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Comment: Re:So how fast is it...? (Score 2) 142

by QRDeNameland (#46640723) Attached to: How Far Will You Go For Highest Speed Internet?

Did you read the article?

Yes. And the closest thing to a quantification was "10 to 20 times as fast as any in the rest of Norway." Which means....what? It tells me that the guy has 43 TB of storage capacity, and even specific climate info about the town, but I'm left to guess the specs of the internet link, which is the subject of the article?

Did I miss something?

Comment: Yeah, right... (Score 2) 15

by QRDeNameland (#46538611) Attached to: Working with Real-Time Analytics as a Service (Video)

Because the more you know about functions in your company besides IT (such as finance, investor relations, and -- yes -- marketing), the more valuable you are as an employee.

Right, because every place I've ever worked in IT, they've been totally transparent and forthcoming about finance, marketing, and investor relations to make the people in the trenches more valuable. Oh wait, no, that never happened....

Comment: Re: Ridiculous. (Score 1) 914

Of course it can. "I believe I have a 90% chance of succeeding in this crime, i.e., of not being convicted for it. If I succeed, I receive benefit (money, the elimination of an annoying person, whatever) which I value at A, a positive number. I have a 10% change of failing, i.e. being convicted, and receiving sentence B, which I value at a negative number. My expected outcome is .9A + .1 B. In this case that sum is greater than 0. Logically, I should commit the crime."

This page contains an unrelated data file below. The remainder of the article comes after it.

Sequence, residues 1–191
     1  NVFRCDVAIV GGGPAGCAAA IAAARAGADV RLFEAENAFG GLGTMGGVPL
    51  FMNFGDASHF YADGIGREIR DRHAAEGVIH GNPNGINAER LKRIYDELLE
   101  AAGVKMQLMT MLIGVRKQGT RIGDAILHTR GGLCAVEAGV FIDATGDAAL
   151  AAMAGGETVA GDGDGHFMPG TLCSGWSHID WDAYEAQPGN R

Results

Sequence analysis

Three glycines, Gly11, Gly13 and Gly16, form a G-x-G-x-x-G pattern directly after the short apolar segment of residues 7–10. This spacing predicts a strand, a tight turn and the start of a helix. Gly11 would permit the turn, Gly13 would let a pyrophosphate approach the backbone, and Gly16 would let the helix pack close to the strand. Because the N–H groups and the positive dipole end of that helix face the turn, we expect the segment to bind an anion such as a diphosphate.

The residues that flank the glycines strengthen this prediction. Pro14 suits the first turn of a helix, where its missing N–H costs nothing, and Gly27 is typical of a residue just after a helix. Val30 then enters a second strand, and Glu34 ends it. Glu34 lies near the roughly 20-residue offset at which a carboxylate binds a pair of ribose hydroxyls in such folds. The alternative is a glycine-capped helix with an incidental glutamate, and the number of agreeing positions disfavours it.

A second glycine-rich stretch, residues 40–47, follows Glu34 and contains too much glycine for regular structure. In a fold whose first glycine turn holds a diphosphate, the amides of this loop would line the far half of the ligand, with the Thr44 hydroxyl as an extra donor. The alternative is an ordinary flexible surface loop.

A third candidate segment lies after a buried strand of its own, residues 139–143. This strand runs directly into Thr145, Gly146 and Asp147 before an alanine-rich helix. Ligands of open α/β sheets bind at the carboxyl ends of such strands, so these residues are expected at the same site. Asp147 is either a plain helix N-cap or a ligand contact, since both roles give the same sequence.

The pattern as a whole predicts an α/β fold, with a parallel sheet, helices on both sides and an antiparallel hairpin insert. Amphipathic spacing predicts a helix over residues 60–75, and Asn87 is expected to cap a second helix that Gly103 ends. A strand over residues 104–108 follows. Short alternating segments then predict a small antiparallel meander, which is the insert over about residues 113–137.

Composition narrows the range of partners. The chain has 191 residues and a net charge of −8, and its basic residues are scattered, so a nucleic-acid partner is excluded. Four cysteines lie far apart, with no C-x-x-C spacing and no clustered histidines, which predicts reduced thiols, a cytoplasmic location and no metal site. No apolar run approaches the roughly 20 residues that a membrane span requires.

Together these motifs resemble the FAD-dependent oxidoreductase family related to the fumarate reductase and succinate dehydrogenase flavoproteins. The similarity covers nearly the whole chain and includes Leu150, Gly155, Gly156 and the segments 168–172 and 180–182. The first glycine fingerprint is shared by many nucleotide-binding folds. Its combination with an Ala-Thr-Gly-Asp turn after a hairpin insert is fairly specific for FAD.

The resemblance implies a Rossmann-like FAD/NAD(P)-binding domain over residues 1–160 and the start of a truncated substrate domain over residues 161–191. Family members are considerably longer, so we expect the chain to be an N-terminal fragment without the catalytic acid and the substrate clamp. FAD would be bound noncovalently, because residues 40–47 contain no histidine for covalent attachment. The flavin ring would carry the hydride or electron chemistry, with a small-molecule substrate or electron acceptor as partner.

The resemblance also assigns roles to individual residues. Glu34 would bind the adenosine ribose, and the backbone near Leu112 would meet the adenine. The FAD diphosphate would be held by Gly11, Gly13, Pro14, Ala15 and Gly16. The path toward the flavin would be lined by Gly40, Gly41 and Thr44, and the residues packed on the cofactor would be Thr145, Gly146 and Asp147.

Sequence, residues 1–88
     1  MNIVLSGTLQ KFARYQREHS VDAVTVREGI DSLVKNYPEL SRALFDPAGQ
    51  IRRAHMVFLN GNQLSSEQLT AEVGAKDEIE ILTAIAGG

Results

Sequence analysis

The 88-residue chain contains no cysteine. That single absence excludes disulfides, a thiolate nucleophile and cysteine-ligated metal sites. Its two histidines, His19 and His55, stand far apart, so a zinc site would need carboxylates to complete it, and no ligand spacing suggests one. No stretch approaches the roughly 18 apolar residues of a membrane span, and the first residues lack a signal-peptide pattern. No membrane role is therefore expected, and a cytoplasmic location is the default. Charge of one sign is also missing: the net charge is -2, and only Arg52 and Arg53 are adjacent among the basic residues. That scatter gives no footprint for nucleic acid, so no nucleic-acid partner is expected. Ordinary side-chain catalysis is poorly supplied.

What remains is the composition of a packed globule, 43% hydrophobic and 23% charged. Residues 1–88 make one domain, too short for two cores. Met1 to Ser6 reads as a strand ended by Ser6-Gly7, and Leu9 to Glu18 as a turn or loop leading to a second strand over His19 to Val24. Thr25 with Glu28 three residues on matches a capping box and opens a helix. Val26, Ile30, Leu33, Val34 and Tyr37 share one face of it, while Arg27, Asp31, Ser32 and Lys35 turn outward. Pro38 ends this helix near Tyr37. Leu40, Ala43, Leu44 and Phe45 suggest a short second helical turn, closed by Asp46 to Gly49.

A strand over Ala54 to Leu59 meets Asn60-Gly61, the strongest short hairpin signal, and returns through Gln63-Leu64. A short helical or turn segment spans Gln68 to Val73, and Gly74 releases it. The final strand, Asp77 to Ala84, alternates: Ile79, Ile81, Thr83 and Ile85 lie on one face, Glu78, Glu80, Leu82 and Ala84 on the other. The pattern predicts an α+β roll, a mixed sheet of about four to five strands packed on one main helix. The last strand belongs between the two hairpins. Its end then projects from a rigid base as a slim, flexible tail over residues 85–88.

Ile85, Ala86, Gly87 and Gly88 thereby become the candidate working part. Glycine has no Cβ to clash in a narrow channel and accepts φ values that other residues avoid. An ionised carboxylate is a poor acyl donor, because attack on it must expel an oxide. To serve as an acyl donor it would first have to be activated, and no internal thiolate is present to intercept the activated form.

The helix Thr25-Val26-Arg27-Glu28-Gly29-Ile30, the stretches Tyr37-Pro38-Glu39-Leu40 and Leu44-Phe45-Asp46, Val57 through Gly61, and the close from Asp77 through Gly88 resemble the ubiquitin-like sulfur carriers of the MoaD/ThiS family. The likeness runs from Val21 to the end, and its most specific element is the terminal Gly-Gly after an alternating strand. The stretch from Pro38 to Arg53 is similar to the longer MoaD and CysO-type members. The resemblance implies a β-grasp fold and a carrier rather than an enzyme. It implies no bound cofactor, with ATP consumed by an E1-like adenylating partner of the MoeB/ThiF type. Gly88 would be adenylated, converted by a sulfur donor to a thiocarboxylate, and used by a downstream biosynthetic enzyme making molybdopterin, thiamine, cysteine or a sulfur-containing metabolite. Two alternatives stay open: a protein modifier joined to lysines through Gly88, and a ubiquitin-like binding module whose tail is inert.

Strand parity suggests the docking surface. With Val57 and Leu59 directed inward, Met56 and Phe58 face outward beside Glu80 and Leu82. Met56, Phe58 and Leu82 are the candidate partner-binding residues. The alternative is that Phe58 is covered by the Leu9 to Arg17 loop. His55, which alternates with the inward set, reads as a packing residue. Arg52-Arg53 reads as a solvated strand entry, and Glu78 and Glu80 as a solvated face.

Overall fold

I suggest doing a search on "certainty vs. severity of punishment". If you poke through the literature, it appears to be well established that criminals are far more sensitive to the perception of the *certainty* of punishment (which is what you are arguing would change a rational risk assessment) than they are to the *severity* of punishment (which is what I kan read is arguing would *not* change a rational risk assessment).

In other words, these two arguments are not contradictory. To the extent that criminals are rational actors, they will make risk assessments based primarily along the lines you cite, i.e., the chances of getting caught; with the severity of the consequences playing a much more minor role. So given an equal chance of being caught/punished...i kan read is correct...if one is rationally deterred from committing a crime punishable by the death penalty today, it is highly unlikely that the same person would be undeterred if the punishment for that crime was reduced to 10 years in prison.

What is worth doing is worth the trouble of asking somebody to do.